Pyruvate Dehydrogenase Complex Deficiency: Symptoms of PDCD

Pyruvate Dehydrogenase Complex Deficiency

Pyruvate dehydrogenase complex deficiency is a rare disorder, which occurs in the early childhood and after the birth. It is a genetic disorder.

Normally pyruvate dehydrogenase complex is made up of three enzymes namely pyruvate dehydrogenase (E1), pyruvate dihydrolipoyl transferace (E2), and dihydrolipoyl dehydrogenase (E3).

PDCD converts pyruvate to acetyl-CoA, this is used in the citric acid cycle for production of energy for the cell.

When any one of the E1, E2, and E3 enzymes from the complex is absent, the citric acid cycle cannot be completed as Pyruvate cannot get converted to acetyl-coA.

This in turn does not produce the energy for your body cells.

Symptoms of PDCD

  • Poor intake of food.
  • Rapid breathing.
  • Lethargy.
  • Poor muscle tone.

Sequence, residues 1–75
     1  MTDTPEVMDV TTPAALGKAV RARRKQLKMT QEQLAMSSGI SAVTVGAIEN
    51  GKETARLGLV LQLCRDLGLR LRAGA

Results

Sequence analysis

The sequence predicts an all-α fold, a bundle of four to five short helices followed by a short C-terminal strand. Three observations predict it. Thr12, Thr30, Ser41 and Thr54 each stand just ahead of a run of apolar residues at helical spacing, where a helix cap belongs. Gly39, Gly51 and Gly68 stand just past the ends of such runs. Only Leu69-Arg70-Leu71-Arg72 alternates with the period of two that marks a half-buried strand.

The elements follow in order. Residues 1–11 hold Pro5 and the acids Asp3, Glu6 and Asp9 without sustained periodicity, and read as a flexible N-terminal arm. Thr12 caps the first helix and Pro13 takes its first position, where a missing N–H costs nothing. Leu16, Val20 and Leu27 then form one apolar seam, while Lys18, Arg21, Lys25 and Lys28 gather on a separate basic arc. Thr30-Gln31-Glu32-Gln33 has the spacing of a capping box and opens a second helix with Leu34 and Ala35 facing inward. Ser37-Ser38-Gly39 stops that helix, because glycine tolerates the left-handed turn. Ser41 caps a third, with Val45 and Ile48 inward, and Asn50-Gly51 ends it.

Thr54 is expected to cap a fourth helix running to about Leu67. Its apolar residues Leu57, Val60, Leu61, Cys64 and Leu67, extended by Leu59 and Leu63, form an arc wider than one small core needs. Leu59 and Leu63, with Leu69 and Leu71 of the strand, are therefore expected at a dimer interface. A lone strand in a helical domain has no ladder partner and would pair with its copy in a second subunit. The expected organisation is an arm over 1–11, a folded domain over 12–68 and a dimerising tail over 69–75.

• Fits
  • Mental growth retardation.
  • Abnormal eye movements.
  • Lack of coordination.
  • Late response to visual stimuli.
  • Apnea
  • Breathlessness
  • Slow respiratory rate.
  • Quadriplegia.
  • Spasticity.
  • Head circumference is very small.

Treatment of Pyruvate Dehydrogenase Complex Deficiency

  • Cofactor supplementation with thiamine, carnitine and lipoic acid.
  • Acidosis is reduced by various drugs.
  • Special diet with low carbohydrate and more of fat content. An approximately 65to 80% of fats, 10% of proteins and balance is of carbohydrates.
  • Oral citrate is used to treat acidosis.
  • Sodium bicarbonate is used to correct acidosis.

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